Fraud in Freight Brokerage: How to Identify and Avoid Common Scams
As a freight broker, your busy days are spent servicing multiple customers, carriers and loads. The last thing you want to worry about are dishonest people trying to take advantage of the hectic nature of this business. As the country deals with the COVID-19 pandemic, fraudulent activities are increasing to scam brokers, carriers and customers in order to collect immediate funds.
Armstrong has issued hundreds of advances to carriers for fuel, layovers and lumpers over the last 15 years in the logistics industry. While many carriers really do need funds to keep their trucks rolling, there are several common types of fraud in the freight brokerage industry that you should be aware of.
When issuing funds to a carrier prior to a load being delivered, it is extremely important to verify information and do your due diligence. In this hectic time, it is important to be able to identify these types of fraud, as well as best practices for avoiding them. This can help you to protect your business, saving you time and money.
Common Types of Fraud
Fuel Advance Scam
Scammers steal a legitimate trucking company’s identity (MC number, insurance, etc.), and then they use that information to book loads. By doing this, they are able to request and secure advances from brokerage companies. This tends to be especially prevalent on high dollar loads, where the payday will be large.
The individual committing the fraud will typically ask for a fuel advance. This third party then collects the fuel advance and leaves the actual driver/carrier moving the load high and dry. In some cases, the carrier actually doing the work may threaten to hold the load hostage or dump the load for fear of not getting paid.
Your company and your customer will be left in a big predicament. You might not know where the load is or who is actually moving the freight. Take care and caution to make sure the loads you are brokering are being moved by a legitimate carrier, and that the carrier you booked is the one in possession of the freight.
Double brokering occurs when a customer or broker books a carrier to move a load, and that carrier in turn brokers out the load to a third party. This happens without the customer or brokers knowledge or approval. A variety of issues can arise from a load being double brokered. The most important being lack of a contract and insurance for the carrier in possession of the freight. Additionally, there is a lack of control that can cause billing issues, especially if the person double brokering the load does not pay the carrier who did the work. In these cases, the broker can be on the hook to double pay for the load to be moved.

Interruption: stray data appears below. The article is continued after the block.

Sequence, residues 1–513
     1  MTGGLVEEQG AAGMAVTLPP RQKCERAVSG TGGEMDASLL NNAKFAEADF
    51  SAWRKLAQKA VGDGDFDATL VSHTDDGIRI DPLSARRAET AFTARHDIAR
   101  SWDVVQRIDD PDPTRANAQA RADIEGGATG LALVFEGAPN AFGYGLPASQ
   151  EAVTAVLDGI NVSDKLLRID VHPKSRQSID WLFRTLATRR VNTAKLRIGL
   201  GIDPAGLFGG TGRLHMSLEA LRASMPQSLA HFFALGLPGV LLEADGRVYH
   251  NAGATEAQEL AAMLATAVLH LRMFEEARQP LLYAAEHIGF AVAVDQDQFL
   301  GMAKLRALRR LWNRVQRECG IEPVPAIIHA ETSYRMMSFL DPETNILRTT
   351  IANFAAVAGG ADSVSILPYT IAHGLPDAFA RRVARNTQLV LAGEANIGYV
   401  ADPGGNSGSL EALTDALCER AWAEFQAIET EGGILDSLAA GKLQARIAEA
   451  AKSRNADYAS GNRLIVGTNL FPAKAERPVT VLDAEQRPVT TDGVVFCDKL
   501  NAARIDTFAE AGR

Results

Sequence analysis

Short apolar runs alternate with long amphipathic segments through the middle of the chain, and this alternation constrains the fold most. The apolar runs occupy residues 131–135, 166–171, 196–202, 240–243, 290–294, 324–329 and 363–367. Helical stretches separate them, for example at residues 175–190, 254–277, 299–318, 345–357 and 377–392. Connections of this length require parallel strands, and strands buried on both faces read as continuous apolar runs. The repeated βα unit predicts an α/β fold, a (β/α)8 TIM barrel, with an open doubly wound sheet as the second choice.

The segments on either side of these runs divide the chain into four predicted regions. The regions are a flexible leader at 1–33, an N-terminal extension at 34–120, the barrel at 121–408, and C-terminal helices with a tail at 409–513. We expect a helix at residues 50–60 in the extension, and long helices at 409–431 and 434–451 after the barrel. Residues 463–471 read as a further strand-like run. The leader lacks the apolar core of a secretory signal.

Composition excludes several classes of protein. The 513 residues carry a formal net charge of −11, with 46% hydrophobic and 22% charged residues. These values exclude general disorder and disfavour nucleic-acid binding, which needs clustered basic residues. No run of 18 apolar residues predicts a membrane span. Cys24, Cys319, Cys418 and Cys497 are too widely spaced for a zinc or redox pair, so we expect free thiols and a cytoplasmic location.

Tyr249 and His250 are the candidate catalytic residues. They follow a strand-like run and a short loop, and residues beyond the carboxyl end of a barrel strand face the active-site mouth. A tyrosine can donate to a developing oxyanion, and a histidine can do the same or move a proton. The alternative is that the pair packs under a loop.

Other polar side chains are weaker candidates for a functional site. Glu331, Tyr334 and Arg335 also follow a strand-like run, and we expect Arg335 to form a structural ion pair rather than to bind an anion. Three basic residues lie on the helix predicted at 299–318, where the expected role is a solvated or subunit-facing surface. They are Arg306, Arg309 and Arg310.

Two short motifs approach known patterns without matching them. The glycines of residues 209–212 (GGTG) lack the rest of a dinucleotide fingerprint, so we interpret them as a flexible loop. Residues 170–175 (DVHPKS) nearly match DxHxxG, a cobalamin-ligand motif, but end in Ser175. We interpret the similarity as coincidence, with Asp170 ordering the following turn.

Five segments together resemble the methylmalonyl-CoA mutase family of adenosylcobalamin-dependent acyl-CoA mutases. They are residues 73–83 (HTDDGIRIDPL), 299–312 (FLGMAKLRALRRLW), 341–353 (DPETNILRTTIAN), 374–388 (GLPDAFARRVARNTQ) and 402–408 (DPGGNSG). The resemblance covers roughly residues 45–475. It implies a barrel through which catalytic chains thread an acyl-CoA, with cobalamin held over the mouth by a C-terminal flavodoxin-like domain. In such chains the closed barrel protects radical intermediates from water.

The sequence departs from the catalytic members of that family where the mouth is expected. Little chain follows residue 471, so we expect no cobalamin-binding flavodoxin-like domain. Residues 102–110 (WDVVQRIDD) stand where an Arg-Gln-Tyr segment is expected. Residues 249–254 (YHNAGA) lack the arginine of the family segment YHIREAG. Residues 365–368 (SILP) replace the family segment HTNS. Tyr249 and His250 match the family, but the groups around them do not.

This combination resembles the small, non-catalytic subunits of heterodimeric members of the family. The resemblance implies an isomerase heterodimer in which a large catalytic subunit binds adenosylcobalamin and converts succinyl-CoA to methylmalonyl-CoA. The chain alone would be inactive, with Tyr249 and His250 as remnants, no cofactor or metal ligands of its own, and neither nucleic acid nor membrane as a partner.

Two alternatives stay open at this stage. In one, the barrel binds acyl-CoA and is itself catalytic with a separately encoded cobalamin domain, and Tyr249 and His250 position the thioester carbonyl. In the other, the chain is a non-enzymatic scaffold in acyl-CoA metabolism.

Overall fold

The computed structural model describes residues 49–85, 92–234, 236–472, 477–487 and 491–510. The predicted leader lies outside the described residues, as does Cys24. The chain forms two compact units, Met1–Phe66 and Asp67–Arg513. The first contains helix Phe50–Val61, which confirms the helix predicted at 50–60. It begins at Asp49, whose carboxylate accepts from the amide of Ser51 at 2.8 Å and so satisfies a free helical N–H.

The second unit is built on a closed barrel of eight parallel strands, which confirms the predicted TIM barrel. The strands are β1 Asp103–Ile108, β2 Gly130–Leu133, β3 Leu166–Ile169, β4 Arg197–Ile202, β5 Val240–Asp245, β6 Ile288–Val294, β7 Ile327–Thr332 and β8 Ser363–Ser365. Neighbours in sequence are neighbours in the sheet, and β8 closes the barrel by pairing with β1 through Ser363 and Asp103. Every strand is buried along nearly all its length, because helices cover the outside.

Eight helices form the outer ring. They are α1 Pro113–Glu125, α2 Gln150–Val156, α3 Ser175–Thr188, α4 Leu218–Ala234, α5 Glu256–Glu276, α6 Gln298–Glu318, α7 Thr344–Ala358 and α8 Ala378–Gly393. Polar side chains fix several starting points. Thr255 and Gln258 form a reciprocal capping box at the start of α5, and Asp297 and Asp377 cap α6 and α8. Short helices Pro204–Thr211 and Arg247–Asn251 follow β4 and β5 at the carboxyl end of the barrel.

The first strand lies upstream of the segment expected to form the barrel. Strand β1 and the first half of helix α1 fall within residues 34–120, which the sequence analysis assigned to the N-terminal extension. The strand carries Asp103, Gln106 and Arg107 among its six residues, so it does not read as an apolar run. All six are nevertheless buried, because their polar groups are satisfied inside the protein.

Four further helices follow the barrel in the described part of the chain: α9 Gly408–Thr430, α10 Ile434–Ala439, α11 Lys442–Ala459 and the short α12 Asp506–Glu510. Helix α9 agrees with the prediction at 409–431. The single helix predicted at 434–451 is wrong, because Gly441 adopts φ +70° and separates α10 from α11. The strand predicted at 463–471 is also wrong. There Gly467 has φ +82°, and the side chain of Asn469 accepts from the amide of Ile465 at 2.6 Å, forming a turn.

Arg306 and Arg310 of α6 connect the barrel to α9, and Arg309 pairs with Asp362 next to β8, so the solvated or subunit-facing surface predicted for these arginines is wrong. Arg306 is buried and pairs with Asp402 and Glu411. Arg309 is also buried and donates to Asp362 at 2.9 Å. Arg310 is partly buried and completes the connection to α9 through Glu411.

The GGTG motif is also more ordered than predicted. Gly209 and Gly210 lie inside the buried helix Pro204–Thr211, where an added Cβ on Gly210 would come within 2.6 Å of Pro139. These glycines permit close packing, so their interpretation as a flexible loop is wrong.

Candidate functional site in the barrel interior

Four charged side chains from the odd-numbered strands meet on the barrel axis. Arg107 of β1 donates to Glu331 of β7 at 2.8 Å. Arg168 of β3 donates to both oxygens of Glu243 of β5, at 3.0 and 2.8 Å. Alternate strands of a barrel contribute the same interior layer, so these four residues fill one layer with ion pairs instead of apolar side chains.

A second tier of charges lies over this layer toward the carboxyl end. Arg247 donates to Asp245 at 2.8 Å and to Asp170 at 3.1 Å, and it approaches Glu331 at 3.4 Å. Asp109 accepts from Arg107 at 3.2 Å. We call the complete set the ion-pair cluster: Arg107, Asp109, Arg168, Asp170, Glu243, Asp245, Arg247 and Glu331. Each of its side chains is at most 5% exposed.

Fake Repair Shop or Tow Service
It is common for trucks to require repairs or tow service in the course of moving a load. These costs should always be placed back on the trucking company and not paid for by the broker.
The scammer will provide a vehicle number, license plate number and a driver’s name and demand that the broker pay for the repairs or the emergency tow. In some cases, they may go as far as submitting a phony invoice. If the request for payment is denied the scammer may once again threaten to hold the load hostage. **
Fake DOT Inspector/Police
These scammers pretend to be with the Department of Transportation or a police officer on-site during a DOT inspection. They demand immediate payment for a fictitious violation in order to have the truck released.
Best Practices For Avoiding Fraud
Here are some tips to protect your business from scams and fraud:
- Only issue a monetary advance if it is absolutely necessary. EFS checks should never be issued to a carrier unfamiliar to you.
- Call the contact number provided in Safer or Carrier 411 and confirm the carrier is booked on the load in question.
- Never issue a fuel advance to a new carrier on the first load they are running for your business. Armstrong recommends no advances until three shipments have been picked and delivered without incident.
- Compare the information of the person requesting an advance to the carrier’s contact information in Safer or Carrier 411. If the information does not match, do not issue an advance. Contact the carrier at the number listed in their profile.
- Request a picture of the truck at the shipper’s facility to confirm the MC number on the side of the truck.
- Require a copy of the shipper’s Bill of Lading with the carrier's and shipper's name and signature.
- Speak with the driver, not just the dispatcher. Confirm what company the driver works for.
- Don’t issue the total fuel advance at one time. Many companies have a maximum amount of 40%. Have a load going cross country? Issue smaller advances while in transit each day up to the maximum amount allowed by your organization.
**Be suspicious when someone is pressuring you to make an immediate payment. It is rare that a situation is so urgent that you won’t have time to make the necessary verification beforehand.**
If you suspect that someone is trying to commit fraud, do not issue any payments. Immediately, contact the appropriate department within your organization. At Armstrong, we direct all brokers to immediately notify our Claims Department at email@example.com for additional guidance and assistance.